The Protestant’s dilemma?
When someone tells you you’re in a dilemma, and that’s news to you, you get a little curious. So when I heard about a book called The Protestant’s Dilemma I thought…okay, I’ll bite. What’s my dilemma? So I bought it. And I didn’t buy it.
The author is a converted Roman Catholic lay apologist who attempts to show “how the major tenets of Protestantism – if honestly pursued to their furthest extent – wind up in dead ends.” Most of what he feels lead to dead ends I’ve already addressed in my month-long series on the Catholic Church which I began here. There were no fresh revelations that constituted any sort of dilemma for me. But he begins and ends with perhaps the Church’s most distinctive doctrine and the reason why I don’t hesitate to call attention to her and why I want to call attention to her now: her claim to authority over all Christendom. It’s pretty much her solution to all the dilemmas she finds herself in when Catholic teachings and practices appear to run contrary to Scripture: The Catholic Church alone has the authority to correctly interpret it, as the only true church founded by Jesus.
I have many dear family members and friends who are Catholic and live good, faithful lives in service to God. I believe I can applaud and affirm them without affirming the institution that claims them as members, which, by the way, still claims me as a member also because I was baptized Catholic. The Church’s claim of primacy is one with far-reaching ramifications for all Christians, so rightly deserves examination. And the Church herself then is fairly targeted for scrutiny.
The ramifications for me personally are little more than the occasional welling up of indignation at her insistence that my faith is faulty and second-rate, and the concern for my Catholic family and friends who I sincerely believe are being sincerely deceived. But if what she claims were true it would mean that I and many others, Catholic and non-, are destined for hell. And if they are false, as I believe they are, many are unnecessarily suffering fear and anxiety over their eternal fate instead of resting in the assurance that they are already saved and secure. The Catholic Church is also hindering unity within the Body of Christ with her works-righteousness salvation doctrine that is opposed to the salvation by faith alone doctrine of non-Catholic Christians, and her assertion that salvation is through her alone.
So is the Roman Catholic Church Christ’s visible authority on earth? An answer in the affirmative is crucial to whether or not the rest of her claims go through, so I want to examine the question as fully as I can, which will take a few posts. Today I just want to implore any Catholic reading this to be as diligent in spiritual matters as you would be in earthly matters. If you got a letter or phone call purportedly from the IRS or other government authority, you’d want to see some credentials before complying with their demands. Doesn’t it make sense to investigate the Church’s credentials? Is it enough that that’s how you were raised and you’re comfortable just being told what to do and believe? Or if you have investigated them, are you convinced enough to stake your eternal destiny on the Church’s interpretation of evidence that millions of other Christ-followers have understood differently?
If the Catholic Church truly is the visible manifestation of the Body of Christ and the sole arbiter of his truth, then you absolutely should submit to her. But that’s a huge “if” and one of infinite importance. Should we not be thoroughly convinced of it before surrendering our souls?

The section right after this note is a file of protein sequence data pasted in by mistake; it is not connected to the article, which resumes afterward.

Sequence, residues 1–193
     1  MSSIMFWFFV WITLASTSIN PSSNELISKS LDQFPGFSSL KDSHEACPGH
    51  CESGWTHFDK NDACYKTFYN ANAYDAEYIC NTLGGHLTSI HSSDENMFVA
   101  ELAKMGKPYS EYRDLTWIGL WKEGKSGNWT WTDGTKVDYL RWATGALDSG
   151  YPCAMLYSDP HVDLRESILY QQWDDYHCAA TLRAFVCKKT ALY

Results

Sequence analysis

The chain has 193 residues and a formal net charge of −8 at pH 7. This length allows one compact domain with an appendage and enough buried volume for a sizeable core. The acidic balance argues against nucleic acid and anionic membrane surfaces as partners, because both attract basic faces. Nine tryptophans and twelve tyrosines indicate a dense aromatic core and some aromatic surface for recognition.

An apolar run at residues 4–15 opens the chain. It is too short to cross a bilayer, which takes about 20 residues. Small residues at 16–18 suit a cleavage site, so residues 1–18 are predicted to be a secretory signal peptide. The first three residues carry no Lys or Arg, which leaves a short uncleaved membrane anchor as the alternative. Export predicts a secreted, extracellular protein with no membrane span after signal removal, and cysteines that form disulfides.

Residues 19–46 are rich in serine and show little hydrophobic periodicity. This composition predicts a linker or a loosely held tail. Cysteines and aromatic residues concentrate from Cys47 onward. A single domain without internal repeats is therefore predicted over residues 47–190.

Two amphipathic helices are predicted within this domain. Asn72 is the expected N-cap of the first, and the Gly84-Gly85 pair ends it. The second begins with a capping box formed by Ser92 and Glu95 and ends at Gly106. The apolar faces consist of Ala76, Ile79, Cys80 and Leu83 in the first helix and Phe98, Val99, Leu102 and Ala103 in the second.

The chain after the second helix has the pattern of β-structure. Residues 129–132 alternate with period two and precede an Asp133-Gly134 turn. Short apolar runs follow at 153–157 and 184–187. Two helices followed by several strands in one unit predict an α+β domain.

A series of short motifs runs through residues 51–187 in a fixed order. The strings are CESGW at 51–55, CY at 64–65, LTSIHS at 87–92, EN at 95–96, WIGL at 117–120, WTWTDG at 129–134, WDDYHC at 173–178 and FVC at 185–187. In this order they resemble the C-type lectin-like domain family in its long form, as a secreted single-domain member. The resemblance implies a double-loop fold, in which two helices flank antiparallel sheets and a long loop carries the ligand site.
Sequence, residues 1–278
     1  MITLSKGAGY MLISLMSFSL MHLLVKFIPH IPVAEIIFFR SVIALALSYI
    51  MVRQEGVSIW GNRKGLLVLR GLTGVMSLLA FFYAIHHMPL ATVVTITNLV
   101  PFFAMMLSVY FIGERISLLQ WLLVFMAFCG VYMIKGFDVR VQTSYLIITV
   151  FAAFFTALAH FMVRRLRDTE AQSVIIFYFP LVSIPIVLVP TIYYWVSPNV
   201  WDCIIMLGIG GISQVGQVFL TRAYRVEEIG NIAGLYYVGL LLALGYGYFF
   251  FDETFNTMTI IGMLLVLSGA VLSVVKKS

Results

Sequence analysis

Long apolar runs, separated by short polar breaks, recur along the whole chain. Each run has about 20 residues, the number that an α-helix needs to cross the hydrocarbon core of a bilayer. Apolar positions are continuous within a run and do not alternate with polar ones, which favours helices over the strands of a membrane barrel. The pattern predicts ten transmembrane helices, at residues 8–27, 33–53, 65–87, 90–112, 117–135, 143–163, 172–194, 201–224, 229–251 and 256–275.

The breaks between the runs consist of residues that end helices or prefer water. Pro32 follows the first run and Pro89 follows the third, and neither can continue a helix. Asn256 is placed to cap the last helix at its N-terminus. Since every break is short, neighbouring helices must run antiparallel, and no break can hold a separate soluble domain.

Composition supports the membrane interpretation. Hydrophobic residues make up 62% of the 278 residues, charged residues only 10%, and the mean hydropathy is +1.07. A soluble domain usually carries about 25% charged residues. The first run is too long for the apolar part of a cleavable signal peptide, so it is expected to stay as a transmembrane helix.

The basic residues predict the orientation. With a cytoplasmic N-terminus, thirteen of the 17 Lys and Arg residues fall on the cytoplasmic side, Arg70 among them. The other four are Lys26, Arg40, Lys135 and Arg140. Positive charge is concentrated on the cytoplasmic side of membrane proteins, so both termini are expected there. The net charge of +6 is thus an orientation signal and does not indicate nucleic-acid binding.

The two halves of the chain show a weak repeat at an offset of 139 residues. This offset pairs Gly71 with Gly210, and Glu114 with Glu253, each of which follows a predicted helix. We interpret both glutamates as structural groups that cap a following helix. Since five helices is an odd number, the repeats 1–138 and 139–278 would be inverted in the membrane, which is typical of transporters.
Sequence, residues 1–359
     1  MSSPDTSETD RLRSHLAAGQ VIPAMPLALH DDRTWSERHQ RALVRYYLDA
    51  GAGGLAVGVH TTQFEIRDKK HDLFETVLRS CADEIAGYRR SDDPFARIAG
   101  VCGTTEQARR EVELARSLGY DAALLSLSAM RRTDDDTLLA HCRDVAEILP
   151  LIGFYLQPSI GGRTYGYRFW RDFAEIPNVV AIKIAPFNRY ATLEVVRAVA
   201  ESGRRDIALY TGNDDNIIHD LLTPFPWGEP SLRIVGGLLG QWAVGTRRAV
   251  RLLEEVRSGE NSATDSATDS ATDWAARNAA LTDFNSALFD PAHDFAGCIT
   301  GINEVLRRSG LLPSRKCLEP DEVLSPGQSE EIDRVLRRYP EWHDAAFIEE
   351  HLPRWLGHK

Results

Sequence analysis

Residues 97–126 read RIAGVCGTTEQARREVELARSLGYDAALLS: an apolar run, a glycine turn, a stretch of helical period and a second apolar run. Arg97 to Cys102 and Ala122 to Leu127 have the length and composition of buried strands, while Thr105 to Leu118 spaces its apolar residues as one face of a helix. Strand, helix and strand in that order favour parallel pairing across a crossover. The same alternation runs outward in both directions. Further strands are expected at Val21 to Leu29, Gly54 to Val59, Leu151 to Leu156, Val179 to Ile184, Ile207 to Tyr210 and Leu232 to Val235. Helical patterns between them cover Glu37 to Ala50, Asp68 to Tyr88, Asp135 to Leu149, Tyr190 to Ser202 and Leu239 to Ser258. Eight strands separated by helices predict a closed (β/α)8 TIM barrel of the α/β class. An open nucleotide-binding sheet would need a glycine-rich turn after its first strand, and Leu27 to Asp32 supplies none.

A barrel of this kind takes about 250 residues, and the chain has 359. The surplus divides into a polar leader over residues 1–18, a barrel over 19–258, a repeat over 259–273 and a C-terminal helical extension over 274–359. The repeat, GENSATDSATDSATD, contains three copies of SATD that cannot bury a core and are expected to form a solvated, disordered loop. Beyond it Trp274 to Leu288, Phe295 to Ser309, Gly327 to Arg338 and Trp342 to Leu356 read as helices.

Here’s another “if”: If you are not thoroughly convinced, you owe it to yourself to do some more investigating. I hope you’ll return to read and consider my arguments for why the Catholic Church is in error in proclaiming herself the one, true church.
Thanks for the review, Caroline. A very “good” man, Nicodemus, had a hard time accepting Truth that was contrary to the ruling (and highly structured) religious authority that he was a part of.
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Yes, Nicodemus had his own dilemma, huh?…heed the traditions and blustering of the Pharisees or think for himself.
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Dear Caroline, keep searching, keep praying,
you will find the Truth. The Church’s doors are
always open, waiting for your return.
I have found the truth, Dave. Why would I want to return to the church that I believe so deceived me?
Because it hasn’t. You will eventually find that out.
If once a Catholic and then return to the church you are considered a second class part of the Catholic Church, please read Vatican II and the bible; not just the selected programmed missal even practising Catholics never read. There is no two stage salvation, either the blood of Christ is sufficient or not.
Hi, Taras. I’m sorry, but I don’t understand your comment. Are you defending the Catholic faith? What is the “two stage salvation” you’re referring to? I don’t read any “programmed missal” and I do read the Bible as well as the Catholic Catechism. What are you objecting to in my post?
I’m not defending Catholicism quite the contrary, I wasn’t sure if you were a Catholic or not.
Not. Former though. If you’ll look at my other posts on the Catholic Church you’ll get a better picture of where I’m coming from. Thanks for reading. 😊
My original point was that Catholicism assumes too much, if I leave the CC and return I’m a second class saved person if at all, there are no levels of salvation, the blood of Christ paid it all. Protestants have no dilemma if they believe the bible.